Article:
Why India is home to few of the most corrupt women politicians

Bindu Dalmia
Bindu DalmiaFeb 24, 2017 | 13:11

Why India is home to few of the most corrupt women politicians

Traditionally, we are taught never to speak ill of the departed even if they were fallible in their lifetime. We deify our ancestors, parents and leaders to a cult-status, to an extent their passage has an emotive quality.

There is a near-certainty when leaders die intestate, political and personal assets pass on to the favoured scion, wife or bestie, legitimised by a "sympathy" vote through elections. Psychologists attribute this phenomenon of seeking a look-alike-talk-alike replica to "a transference of affection", like seeing an "Amma" in "Chinnamma" Sasikala.


The problem is when collective grief throws up untested, untried leaders as in TN, feuding over a crown-of-thorns over the legacy of the now infamous ex-CM.

From near-cannonisation to a posthumous convict, Jayalalithaa today stands instead for the monumental rot of all that ails the system: political, legal, law enforcement, and the investigative arm of the government.

Visuals of contenders surreally receiving divine guidance from a hotline with heaven at Jayalalithaa's grave, were reminiscent of minions prostrating at her feet when she ruled. What explains multitudes in mourning, instead of public indignation, knowing her political and personal fortunes were built robbing the state, but keeping the masses inebriated on an opium of freebies? It's the TN model of welfarism.

Kamraj as CM introduced free food and school education that Jaya expanded to include domestic essentials, housing, aiding small entrepreneurs as also an investor-friendly government, with TN clocking higher-than-national growth rates. The welfare schemes cost 11 thousand crores over ten years, and that populist paradigm replicated in other states, making for good politics but bad economics.

Indians are resigned to governments that under-deliver, so when a leader bestows the basics of mixers and grinders, personal corruption is overlooked and venality gets masked as largesse.

An assertive civil society with one of the highest literacy rates, who fought for Tamil identity in protest against the apex court's stricture on Jallikatu, must own the spiritedness to reject both DMK and AIADMK, which alternately pilfered the state. Voter angst cannot be gauged through an indirect vote where MLAs chose the leader, unlike Lok Sabha or Assembly elections.

Punjab, UP, Haryana and Kashmir have also alternated between two corrupt dynasties, so while TN may be ripe for change, it is becoming difficult for national parties to counter well-entrenched regional forces, as also because the state is the last Dravidian bastion.

BJP is aware its only stake in the embattled state is support for central policies, though TN has a share of 39 seats in Lok Sabha.


Also, ideas and rebellion take time to ferment for taller leaders to emerge. Besides, the Indian voter has had enough of proxies and night watchmen holding the reigns of power for another, "benami" or "naami" fill-in, be it Manmohan Singh for Sonia, Rabri for Lalu, or Palaniswamy for Sasi. Besides,“if justice is blind, its interpreters are cockeyed.”

When a single-judge bench of Justice Kumaraswamy of the Karnataka High Court granted Jayalalithaa absolution, miscalculating a whopping 76.5 per cent of her income as against 8.12 per cent, it raises questions on a flawed verdict and justice delivery mechanism that took 21 years, allowing a CM-at large a free run of two terms to compound illicit assets. When a CM is forced to demit office mid-term, it stands to reason the ruling party too must have lost the confidence of its voters.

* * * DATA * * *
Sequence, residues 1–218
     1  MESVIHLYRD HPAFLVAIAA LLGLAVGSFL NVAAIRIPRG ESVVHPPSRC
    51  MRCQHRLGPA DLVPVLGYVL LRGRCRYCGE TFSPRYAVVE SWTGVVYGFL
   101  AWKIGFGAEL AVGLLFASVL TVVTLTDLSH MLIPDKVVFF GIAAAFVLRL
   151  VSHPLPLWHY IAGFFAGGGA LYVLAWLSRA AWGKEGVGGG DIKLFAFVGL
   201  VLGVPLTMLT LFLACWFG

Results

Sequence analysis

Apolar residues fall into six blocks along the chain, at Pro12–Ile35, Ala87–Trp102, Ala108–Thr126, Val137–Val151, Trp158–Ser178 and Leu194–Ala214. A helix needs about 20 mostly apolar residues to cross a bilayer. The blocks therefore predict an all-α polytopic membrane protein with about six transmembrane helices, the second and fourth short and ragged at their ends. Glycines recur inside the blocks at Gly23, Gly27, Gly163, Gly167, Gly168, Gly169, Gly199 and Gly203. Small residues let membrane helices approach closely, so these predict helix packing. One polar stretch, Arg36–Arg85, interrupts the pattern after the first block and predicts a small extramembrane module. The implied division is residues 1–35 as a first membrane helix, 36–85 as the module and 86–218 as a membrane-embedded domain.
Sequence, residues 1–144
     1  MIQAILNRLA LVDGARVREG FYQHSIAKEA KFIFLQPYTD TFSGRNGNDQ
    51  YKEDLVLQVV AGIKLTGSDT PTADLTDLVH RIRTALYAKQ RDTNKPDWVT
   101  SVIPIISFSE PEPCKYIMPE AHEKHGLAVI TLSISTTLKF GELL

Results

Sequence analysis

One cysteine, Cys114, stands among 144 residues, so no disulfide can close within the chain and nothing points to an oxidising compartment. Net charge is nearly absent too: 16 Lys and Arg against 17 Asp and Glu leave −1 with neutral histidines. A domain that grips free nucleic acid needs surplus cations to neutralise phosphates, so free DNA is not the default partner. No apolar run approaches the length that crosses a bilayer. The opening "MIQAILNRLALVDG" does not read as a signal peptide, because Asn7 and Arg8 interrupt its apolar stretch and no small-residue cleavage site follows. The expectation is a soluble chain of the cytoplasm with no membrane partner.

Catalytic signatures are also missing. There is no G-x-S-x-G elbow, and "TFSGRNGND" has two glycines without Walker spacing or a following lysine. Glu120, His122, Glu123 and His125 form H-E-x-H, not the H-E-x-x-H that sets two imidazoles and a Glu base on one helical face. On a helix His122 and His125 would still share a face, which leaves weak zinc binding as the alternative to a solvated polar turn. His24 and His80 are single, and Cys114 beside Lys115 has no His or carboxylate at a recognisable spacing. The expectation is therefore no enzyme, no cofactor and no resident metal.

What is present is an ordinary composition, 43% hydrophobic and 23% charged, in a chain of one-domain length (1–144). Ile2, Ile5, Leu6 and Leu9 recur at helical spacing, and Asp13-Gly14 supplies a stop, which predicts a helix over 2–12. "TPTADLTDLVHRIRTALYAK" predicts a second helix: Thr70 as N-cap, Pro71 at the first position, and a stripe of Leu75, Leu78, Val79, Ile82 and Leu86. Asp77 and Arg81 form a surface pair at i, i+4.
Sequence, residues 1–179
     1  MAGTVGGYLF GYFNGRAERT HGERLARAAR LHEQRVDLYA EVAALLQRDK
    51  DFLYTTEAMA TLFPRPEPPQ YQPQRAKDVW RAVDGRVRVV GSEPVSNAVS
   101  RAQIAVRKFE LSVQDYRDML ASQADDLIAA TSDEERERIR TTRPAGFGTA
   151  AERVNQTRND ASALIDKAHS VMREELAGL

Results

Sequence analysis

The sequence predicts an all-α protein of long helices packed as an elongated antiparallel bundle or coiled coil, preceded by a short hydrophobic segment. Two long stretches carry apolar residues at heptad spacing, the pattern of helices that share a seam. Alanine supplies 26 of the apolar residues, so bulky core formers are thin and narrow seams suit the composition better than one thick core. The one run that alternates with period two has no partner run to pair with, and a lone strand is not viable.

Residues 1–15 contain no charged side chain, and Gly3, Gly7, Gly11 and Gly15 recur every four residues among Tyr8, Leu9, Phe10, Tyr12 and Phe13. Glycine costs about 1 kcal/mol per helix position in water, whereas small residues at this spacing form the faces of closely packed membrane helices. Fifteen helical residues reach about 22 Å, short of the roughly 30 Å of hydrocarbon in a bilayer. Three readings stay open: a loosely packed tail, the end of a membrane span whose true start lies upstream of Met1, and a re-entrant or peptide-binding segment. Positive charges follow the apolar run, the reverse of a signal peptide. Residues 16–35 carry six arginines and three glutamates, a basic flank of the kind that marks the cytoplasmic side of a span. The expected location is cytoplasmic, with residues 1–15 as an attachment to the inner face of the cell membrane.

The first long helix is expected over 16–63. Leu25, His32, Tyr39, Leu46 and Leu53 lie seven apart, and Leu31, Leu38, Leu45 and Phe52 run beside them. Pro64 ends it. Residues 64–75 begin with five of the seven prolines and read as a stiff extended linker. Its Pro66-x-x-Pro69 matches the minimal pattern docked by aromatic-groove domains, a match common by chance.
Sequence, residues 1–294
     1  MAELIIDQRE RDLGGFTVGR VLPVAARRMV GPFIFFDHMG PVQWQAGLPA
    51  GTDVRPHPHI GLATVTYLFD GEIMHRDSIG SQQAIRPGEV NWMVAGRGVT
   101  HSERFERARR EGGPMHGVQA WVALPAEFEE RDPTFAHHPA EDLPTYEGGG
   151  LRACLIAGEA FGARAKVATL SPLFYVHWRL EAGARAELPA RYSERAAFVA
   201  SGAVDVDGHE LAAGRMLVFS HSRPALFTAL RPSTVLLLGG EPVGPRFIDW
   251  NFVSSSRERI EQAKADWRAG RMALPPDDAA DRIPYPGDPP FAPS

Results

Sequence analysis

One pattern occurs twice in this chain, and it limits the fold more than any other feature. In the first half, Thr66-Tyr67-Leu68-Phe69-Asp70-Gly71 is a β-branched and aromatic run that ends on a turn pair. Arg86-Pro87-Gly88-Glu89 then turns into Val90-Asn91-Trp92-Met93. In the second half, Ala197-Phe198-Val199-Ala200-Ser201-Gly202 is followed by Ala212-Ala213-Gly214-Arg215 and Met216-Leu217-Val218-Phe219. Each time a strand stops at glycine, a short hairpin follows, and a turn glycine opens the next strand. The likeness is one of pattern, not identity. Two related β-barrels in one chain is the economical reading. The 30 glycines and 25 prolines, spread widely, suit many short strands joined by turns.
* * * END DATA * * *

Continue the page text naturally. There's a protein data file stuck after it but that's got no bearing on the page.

But there was no opposing moral voice within the AIADMK who condemned the first-rung of leadership post the conviction, and that low-moral ground should nullify the legitimacy of Sasikala's protege Palaniswamy - who is a proxy to a once-proxy himself.


Importantly, the TN vote of confidence is the first acid test post demonetisation, even before the UP elections verdict on a reform that was intended as a panacea to eradicate corruption.

127 legislators don't swing camps without the moolah, and holing them in captivity comes at a price to buy their support or silence. Which begs the question: post-demonetisation, how did Sasikala & Co have access to such money? Lalu Yadav and Jayalalithaa's conviction should set multiple precedences for leaders holding public office, who are under trial.

Just on the basis of a chargesheet accepted by court, they should ideally be debarred till acquitted, as the stages from investigation, trial, appeal and ultimate Supreme Court verdict are lengthy, and the guilty have ways of prolonging closure.

Secondly, there is a need to de-politicise the police and investigation agencies who act as "caged parrots" of the Centre.

Thirdly, the Centre must oversee governors are proactive in the timely discharge of their gubernatorial responsibilities to lessen the scope of horse-trading.

Post script: Absence of family interests does not guarantee sage-like asceticism free of the need to amass wealth, as seen in the DA cases on Mayawati and Jaya.

Both are Indian versions of Imelda Marcos, legendary for her shoe fetish, while our desi counterparts obsessed over gold and garlands strung with hard cash. If there ever was a rating on a "Global Corruption Index of Women in Power", India would surely be high on the radar.

Last updated: February 24, 2017 | 13:19
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